Im sure most of us can relate to this! LOL.
I am not a patient person, let alone a patient person. But patience can be developed over time — it’s a habit, and like any other habit, it just takes some focus.
Here are some tips:
1. Count to 10. This one really works. When you feel yourself getting frustrated or angry, stop. Count slowly to 10 (you can do this in your head). When you’re done, most of the initial impulse to yell will go away. Alternatively, if you count out loud to 10, your kids will learn quickly that this is a good sign to run away.
2. Deep breaths. This works very well in conjunction with the above tip. Count to 10, and then take three slow, deep breaths. Feel the frustration draining out of you with each breath.
3. Tally marks. One of the most effective and important methods for controlling an impulse — these worrisome urges that we have difficulty controlling — is to become more aware of it. And to do that, you should carry around a little pencil and paper all day, and each time you feel the impulse (in this case, to react with anger), mark down a tally. This is an extremely important first step. Once you become aware of your impulses, you can work out an alternative reaction.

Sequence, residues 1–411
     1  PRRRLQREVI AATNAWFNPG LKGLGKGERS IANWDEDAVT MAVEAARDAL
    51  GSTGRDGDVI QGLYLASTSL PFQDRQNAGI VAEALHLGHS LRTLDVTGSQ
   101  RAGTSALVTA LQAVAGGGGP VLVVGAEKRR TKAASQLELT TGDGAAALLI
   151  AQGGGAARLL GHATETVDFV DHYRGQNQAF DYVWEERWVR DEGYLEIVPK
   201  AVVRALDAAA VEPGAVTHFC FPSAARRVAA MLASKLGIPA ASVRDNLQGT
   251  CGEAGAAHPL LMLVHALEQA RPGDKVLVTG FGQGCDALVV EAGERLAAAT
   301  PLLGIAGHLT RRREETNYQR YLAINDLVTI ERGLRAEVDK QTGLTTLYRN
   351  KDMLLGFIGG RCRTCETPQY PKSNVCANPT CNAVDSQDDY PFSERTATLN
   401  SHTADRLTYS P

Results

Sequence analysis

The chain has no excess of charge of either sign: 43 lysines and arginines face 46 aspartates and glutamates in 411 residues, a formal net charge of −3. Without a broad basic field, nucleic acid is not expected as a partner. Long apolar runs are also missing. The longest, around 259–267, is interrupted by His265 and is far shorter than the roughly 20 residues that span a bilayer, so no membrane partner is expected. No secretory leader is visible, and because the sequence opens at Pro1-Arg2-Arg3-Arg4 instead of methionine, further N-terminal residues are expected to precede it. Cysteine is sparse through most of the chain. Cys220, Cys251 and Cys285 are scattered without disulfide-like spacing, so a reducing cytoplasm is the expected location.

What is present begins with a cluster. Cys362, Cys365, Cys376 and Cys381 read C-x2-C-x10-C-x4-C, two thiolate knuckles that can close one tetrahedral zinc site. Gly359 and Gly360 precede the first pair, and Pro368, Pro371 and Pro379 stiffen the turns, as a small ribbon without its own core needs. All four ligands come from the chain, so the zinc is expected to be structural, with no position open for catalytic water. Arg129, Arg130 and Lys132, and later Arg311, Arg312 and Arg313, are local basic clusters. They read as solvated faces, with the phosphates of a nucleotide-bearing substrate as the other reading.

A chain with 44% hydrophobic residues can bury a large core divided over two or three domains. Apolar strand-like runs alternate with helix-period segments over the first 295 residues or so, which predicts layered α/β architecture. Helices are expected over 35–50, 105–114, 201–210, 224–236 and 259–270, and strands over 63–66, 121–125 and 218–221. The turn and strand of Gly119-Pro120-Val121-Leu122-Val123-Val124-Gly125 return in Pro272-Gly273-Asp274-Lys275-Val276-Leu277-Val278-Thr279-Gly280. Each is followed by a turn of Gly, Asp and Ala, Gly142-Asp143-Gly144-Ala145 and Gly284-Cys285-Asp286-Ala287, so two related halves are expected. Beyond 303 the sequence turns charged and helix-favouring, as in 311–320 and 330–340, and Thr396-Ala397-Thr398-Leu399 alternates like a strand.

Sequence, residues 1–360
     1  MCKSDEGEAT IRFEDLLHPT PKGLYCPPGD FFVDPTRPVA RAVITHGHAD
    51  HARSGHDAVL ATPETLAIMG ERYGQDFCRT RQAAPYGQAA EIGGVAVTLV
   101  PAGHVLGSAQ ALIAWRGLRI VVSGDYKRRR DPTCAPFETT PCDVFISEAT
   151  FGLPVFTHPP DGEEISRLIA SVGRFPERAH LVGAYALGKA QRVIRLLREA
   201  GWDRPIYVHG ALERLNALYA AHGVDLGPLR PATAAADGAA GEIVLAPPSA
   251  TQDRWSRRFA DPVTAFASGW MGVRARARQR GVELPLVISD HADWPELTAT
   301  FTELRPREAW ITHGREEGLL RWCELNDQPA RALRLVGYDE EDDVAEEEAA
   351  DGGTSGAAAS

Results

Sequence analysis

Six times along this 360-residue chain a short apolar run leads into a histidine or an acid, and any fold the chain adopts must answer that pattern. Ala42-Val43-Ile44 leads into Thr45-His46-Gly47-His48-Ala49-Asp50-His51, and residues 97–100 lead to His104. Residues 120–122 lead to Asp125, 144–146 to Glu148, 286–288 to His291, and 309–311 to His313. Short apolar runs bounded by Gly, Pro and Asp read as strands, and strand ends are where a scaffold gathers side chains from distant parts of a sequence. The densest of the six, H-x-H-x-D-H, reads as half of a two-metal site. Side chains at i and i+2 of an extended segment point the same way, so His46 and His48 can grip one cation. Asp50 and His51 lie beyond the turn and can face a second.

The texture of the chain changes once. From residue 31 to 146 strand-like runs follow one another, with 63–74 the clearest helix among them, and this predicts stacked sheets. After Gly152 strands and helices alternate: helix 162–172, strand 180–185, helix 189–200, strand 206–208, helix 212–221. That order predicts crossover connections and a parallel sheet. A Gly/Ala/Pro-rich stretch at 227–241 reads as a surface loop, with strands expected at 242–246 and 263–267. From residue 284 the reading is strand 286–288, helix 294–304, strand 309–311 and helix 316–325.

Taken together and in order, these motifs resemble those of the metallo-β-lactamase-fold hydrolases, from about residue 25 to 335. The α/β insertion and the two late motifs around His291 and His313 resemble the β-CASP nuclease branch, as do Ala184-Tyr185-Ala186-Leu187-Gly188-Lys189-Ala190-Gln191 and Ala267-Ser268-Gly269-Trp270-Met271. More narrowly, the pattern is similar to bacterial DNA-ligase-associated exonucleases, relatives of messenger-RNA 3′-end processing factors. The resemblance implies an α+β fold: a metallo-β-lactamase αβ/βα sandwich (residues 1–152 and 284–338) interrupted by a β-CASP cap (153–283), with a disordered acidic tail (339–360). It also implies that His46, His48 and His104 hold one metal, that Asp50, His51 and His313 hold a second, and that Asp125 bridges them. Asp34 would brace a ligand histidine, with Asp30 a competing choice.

4. Pretend someone’s watching. I forgot where I read this tip (a couple places, I think), but it’s effective. Pretend you have an audience. You’re less likely to overreact with your child if someone’s there watching your every move.
What would mom do? My mom is one of the most patient people I know (although she’s human like the rest of us). So when I find my ire rising, I think … “How would my mom handle this?” And using this role model, I begin to change my behavior to something more positive. You can use any role model you want — not necessarily my mom.
I love Zen Habits! I get a LOT of tips there. You can read more tips here.